And, like all ethical frameworks, there are certain kinds of problems in which consequentialism draws strange conclusions. Compare two people, Alice and Bob. Alice is an extremely kind-hearted person who only wishes to do well to others. She carries out at least 10 acts a day that lead to good consequences. In contrast, Bob is extremely malifacent and only wishes to do harm to others. However, he is also astonishgly inept, and so by sheer accident happens to also do 10 good deeds a day. For example, he pushes an old lady out of contempt but accidently saves her from oncoming traffic. Now, one might like to say that Bob is in some sense worse than Alice. But according to consequentialism, the two are equally good, because they give rise to equally good consequences.
Deontology comes from the Greek word deon meaning "duty" or "obligation." It is the view that one ought to act so as to conform or want to conform to some fixed values. For example, someone might live according to the deontological principle that one must never carry out a violent act. Unlike consequentialism, the concern is with the intention and the fulfillment of duty, rather than the consequences of an action. However, this does have the strange consequence that if (say) you could save someone's life by punching his attacker, you must not do so because it would violate the principle of non-violence.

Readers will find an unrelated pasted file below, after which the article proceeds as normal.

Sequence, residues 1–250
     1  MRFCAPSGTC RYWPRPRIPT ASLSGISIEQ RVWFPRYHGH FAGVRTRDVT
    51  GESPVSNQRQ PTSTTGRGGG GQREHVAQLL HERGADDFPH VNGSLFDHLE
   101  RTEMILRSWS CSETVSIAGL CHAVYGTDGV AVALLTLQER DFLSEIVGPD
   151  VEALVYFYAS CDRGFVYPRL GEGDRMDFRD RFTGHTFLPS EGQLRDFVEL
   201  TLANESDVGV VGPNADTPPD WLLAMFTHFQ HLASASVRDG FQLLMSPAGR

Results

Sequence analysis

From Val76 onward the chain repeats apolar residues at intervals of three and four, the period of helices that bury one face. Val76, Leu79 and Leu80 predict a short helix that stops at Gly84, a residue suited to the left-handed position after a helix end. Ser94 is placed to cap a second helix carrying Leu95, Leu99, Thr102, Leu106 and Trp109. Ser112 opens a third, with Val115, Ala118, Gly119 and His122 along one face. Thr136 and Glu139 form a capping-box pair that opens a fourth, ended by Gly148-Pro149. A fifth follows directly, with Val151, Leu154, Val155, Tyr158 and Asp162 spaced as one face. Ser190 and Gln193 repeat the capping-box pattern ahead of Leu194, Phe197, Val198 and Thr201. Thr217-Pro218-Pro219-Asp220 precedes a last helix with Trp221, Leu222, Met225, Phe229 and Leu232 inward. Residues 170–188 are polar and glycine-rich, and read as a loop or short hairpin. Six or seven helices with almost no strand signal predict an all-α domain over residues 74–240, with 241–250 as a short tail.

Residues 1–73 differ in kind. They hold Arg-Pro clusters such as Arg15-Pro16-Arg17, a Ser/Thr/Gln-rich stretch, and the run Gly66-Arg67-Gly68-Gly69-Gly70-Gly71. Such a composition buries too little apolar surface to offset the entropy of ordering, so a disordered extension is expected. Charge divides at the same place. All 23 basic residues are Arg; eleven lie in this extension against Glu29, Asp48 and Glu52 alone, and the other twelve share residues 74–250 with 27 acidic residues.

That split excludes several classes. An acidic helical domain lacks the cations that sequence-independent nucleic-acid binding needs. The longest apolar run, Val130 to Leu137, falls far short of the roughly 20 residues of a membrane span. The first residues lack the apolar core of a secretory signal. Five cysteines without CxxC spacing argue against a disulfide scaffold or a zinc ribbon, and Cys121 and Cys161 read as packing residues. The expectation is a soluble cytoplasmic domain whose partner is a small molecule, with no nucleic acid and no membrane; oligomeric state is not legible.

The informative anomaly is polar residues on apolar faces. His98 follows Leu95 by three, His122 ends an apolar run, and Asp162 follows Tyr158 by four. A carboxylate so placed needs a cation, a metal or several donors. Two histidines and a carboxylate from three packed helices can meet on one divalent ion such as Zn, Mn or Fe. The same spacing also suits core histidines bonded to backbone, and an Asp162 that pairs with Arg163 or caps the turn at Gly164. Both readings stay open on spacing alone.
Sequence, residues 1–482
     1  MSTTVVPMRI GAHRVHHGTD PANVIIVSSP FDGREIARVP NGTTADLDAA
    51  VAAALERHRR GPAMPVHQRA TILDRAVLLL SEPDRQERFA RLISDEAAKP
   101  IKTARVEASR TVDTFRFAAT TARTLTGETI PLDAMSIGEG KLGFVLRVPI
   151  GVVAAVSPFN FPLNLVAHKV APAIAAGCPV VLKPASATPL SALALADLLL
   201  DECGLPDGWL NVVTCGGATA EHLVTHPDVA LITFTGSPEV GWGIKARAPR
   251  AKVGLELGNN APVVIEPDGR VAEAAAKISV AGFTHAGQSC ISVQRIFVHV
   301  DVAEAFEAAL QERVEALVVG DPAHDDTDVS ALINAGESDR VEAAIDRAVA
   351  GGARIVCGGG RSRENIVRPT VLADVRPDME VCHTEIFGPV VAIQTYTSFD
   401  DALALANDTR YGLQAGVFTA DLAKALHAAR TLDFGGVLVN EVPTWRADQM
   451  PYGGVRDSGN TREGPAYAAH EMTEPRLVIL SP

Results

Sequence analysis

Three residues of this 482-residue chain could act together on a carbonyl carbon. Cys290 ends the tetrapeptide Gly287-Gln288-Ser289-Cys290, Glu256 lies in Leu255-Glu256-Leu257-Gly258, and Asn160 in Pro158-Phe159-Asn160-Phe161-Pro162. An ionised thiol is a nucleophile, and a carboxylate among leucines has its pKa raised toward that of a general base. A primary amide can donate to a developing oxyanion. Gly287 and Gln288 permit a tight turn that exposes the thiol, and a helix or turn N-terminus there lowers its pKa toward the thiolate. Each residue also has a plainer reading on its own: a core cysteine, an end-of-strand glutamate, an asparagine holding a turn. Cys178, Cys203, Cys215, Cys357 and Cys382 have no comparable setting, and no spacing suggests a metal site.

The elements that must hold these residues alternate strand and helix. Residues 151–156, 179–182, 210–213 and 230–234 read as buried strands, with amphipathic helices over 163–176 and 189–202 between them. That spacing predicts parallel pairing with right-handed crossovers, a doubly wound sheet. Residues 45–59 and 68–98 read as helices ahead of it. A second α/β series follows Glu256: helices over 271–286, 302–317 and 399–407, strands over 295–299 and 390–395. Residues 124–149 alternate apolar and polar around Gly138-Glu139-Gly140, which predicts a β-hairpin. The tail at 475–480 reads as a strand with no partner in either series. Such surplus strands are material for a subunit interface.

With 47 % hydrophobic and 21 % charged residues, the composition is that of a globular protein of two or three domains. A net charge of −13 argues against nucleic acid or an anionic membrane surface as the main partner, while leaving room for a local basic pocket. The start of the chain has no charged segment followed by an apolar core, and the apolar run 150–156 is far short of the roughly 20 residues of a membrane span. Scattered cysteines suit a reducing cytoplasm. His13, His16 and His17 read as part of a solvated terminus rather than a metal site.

There are other situations in which deontology can lead to strange consequences. For example, suppose some deranged criminal mastermind sets up a machine that will destroy all of Switzerland (and all the 8 million people that live there) unless you break your deontological rule, whatever it is. It might be ever-so-briefly, but you must break it if you wish to save the people. Here, the consequences are so incredibly bad that it is hard to imagine how it could be outweighed by any practical rule. In such cases, deontology sometimes founders.
According to virtue ethics, one should seek to fulfill certain virtuous qualities, and act in whatever way those qualities require you to. An approach like this was advocated by Aristotle in Nicomachean Ethics. Some of his virtuous qualities like temperance and justice are still taught to doctors today, although modern problems in bioethics tend to focus on more informative qualities like trustworthiness, maintaining of privacy, and truthfulness.
A central difficulty with both virtues and deontological rules is that one is never enough, and that more than one often leads to contradictions. For example, the very influential 1979 Belmont Report in the United States advocated the following principles to guide medical ethical practice:
However, these principles often go against one another. For example, respecting a patient's autonomoy might require you to tell him that he will very likely die this year, so that he can make his own decisions. But you may also know that this cause him harm, since he has a high propensity to become depressed and live out the remainder of his time much worse than he would had he not been told.
This course will make no attempt to what the correct ethical principles are once and for all.
However, we will seek to formulate reasonable views on some very difficult cases in bioethics. By understanding several of these rules, keeping them in mind, and mixing and matching when you need to, you will be in a very good position to formulate your own view about these problems.